Some peacenik types, practiced in the art of highly selective observation and quotation, bleat that all that America or the West need do to defuse the threat of Islamic terrorism is forbear from ever getting involved militarily in conflicts overseas.
It’s not that the Islamo-fascists hate our culture or freedom, nor that they wish and strive for a global caliphate. After all, don’t the Bin Ladens of the world even announce explicitly on their videotapes that, hey, all you have to do is throw in the towel in your war against us and all will be well? And we all know what credible truth-tellers the mass-murdering terrorists are.
Sure, the only problem is our foreign policy, not our culture and freedoms; but only, it seems, so long as our culture and freedoms don’t permit publication of the wrong cartoons. Per the most recent update of the situation published by The New York Times, thousands of Palestinians are joining other Muslims around the world in demonstrations against “European nations” that allow the printing of cartoons waxing satiric about Islam or Mohammed. Some have called for beheadings of the cartoonists and others responsible.
While the huge rally here in Gaza was peaceful — and many leaders warned against violence — some of the oratory was not.
“We will not accept less than severing the heads of those responsible,” one preacher at the al-Omari mosque here told worshippers during Friday prayers, according to wire service reports. Other demonstrators called for severing the hands of the cartoonists who drew the pictures, unflattering to Muhammad and to Islam.
The cartoons have outraged Muslims as being provocative and anti-Muslim, while many Europeans have defended their publication under the right to free speech. One cartoon depicts Muhammad, the founder of Islam, with a turban in the shape of a bomb.
Since being published in Denmark in September, the cartoons have been reprinted in Germany, France, Spain, Italy and Switzerland, as well as in Jordan. Editors at the papers in France and Jordan were fired.
So, it’s all about foreign policy? Tell it to the recipients of the latest Islamo-fascist death threats.
Guess all we and the Europeans need to do is actually two things: 1) never respond to any national security threats that transpire beyond our borders, even if the day-after-tomorrow consequence of the threat is something that may well transpire within our borders; and 2) outlaw cartooning (and also outlaw, as we’ve learned, documentaries critical of Islamo-fascism, the making of which can also get you killed; might as well add Salmon Rushdie novels to the list while we’re at it).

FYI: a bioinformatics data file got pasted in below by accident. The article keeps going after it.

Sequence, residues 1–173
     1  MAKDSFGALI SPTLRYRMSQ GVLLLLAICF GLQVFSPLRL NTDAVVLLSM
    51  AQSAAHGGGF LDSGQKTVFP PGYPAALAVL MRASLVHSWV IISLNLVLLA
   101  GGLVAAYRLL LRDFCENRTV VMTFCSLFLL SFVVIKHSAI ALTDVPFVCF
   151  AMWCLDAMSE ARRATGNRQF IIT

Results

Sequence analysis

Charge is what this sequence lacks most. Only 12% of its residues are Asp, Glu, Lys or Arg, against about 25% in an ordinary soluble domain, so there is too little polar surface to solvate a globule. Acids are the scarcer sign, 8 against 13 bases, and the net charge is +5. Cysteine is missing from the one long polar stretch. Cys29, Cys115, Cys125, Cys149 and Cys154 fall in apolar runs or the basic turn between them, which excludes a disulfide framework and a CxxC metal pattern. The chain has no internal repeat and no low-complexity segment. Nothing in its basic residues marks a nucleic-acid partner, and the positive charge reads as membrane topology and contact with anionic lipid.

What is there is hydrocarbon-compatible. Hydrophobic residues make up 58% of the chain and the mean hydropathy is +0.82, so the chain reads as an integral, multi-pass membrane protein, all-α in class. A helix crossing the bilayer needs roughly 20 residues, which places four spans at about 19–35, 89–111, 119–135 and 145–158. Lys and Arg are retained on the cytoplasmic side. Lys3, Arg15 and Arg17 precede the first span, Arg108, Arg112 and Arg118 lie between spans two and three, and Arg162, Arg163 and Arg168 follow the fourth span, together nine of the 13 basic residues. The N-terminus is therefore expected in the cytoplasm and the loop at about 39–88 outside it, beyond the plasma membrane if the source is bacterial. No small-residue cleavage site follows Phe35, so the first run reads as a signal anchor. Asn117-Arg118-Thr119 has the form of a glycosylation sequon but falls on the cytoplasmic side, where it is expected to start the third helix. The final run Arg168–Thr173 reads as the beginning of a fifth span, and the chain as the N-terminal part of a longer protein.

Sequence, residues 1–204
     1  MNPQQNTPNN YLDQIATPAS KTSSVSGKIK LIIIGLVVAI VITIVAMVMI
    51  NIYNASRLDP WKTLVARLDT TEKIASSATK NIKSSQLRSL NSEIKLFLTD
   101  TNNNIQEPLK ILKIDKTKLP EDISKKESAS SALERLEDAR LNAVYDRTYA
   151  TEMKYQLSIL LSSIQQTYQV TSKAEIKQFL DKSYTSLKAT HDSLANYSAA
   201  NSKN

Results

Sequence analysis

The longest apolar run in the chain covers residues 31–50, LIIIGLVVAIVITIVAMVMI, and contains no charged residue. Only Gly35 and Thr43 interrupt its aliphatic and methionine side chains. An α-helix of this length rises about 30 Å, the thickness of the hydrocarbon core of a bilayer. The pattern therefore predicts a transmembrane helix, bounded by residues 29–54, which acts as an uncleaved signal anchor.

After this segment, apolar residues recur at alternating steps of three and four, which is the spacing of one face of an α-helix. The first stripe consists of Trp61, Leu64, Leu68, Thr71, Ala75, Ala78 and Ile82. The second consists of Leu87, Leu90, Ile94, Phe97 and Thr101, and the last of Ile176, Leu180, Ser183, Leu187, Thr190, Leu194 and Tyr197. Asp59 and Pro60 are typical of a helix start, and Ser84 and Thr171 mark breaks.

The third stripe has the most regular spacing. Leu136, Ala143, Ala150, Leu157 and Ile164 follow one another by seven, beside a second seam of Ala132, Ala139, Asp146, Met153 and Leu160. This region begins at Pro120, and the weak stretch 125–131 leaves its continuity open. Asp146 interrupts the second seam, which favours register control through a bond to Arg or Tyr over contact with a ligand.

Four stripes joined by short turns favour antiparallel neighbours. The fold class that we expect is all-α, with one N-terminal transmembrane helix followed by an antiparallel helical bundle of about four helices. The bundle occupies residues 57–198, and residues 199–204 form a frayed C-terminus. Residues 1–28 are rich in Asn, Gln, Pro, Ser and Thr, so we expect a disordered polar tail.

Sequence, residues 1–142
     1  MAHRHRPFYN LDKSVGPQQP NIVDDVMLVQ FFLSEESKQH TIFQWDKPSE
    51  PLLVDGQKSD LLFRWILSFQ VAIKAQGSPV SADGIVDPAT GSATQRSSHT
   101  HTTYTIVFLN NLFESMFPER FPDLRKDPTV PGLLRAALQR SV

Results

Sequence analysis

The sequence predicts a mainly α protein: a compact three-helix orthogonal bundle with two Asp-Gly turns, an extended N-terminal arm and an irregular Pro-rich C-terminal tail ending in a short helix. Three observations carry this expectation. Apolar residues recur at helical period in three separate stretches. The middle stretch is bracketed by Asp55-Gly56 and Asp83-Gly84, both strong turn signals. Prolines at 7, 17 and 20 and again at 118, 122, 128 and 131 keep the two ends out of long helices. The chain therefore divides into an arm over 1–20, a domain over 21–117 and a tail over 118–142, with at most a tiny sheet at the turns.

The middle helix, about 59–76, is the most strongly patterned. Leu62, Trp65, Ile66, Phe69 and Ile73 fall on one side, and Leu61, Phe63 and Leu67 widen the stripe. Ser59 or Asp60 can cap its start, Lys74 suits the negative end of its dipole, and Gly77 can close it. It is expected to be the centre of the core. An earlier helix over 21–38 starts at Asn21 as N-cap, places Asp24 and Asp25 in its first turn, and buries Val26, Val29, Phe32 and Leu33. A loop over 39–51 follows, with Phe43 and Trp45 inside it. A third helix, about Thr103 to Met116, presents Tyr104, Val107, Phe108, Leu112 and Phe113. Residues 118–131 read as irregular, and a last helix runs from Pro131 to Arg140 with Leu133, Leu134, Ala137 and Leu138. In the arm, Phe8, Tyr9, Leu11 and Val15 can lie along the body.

When a non-psychotic Westerner is offended by a cultural effluence, he organizes a boycott, holds forth at the water fountain, or, these days, blogs. Chopping off the heads of those you disagree with is not generally entertained as a reasonable option. What does this disparity of response tell us about cultural differences?
Sure, the vast majority of Muslims would never actually sneak up on and behead anybody, and let’s assume that most in fact do not agree with beheading as a way of answering criticisms. But why then aren’t the killers who do advocate such courses of action booed off the stages at the mass rallies and prayer services? Why aren’t there immediate and even more massive rallies by Muslims against such calls for beheadings than are being held against…cartooning? Why is editorial cartooning, or criticism of Islam generally, whether in bad taste or not, thus implicitly regarded as more offensive than murder, and by so many Muslims? Or is it that so many Muslims are too afraid of the terrorists in their midst to dare protest the thuggery?
Whatever the full explanation may be, anyone who reads these stories and continues to claim that murderous Islamo-fascist antipathy toward the West and America is all or mostly about foreign policy, and would evaporate if only the governments of the West never acted militarily overseas, is not being altogether honest.
David M. Brown is the publisher of The Webzine, and runs the blog for the Laissez Faire Books web site, where he has been posting about the Steve Kubby case, Google perfidy, and other burning issues of the day.